The Theme of Humanity Uncle Tom’s Cabin,
The First Seven Chapters
By Shelby Hammonds
In the first seven chapters of Uncle Tom’s Cabin by Harriet Beecher Stowe the novel shows slave-owning families who think they are being humane, but in reality, no business with owning human beings is in any way humane.
“I was a fool to think I could make anything good out of such a deadly evil...” says Mrs. Shelby. As she said this, she was coming out of her denial, and finally realizing how slavery can destroy families. She continues in saying, “... I thought I could gild over it. I thought by kindness, and care, and instruction, I could make the condition of mine better than freedom. Fool ...view middle of the document...
Again, they did not want to admit it to themselves. Mr. Haley says of slaves in general, “These critters an’t like white folks, you know; they gets over things (Stowe, 7),” referring to the situation of the purchasing of Harry and him being taken from Eliza and her from him. Mrs. Shelby seems to see the slaves differently than many people in her situation. Even though she may not see her slaves as equals, she does have some empathy toward their feelings as human beings; although she is not an abolitionist, per say. As it was previously stated, it was this predicament that brought Mrs. Shelby to her senses of realizing what slavery can do to families. Mr. Shelby says to her that he had no choice. It was to sell these two or everything they owned. Mr. Haley will not stop until he gets what he wants; he is that kind of person. But were there other roads that Mr. Shelby could have gone down? What is the humane choice here?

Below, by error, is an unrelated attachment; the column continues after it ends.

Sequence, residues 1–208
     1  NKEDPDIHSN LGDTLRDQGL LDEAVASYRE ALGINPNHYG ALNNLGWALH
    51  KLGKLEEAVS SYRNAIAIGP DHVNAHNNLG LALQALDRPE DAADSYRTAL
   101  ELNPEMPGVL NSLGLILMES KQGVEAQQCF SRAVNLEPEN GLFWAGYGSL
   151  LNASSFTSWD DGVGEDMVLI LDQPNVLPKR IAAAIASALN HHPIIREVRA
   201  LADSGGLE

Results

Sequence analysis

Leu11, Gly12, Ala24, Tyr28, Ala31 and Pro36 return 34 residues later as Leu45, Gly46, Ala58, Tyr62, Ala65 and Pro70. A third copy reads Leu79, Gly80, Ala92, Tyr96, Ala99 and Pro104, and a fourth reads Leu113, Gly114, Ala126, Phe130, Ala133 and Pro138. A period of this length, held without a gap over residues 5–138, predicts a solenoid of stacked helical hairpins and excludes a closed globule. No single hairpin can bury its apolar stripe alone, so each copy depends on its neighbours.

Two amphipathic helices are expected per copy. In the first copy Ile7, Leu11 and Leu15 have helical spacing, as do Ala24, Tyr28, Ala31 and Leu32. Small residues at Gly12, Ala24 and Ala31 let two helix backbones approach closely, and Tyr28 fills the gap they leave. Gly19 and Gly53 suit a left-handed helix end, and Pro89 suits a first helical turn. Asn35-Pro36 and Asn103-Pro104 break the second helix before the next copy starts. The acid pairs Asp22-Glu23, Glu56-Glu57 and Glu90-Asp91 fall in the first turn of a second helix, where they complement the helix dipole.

Since Mrs. Shelby is incapable of reversing the situation at hand, Eliza takes matters into her own hands to protect Harry. She overhears the Shelby’s talking of Harry and Tom’s being sold...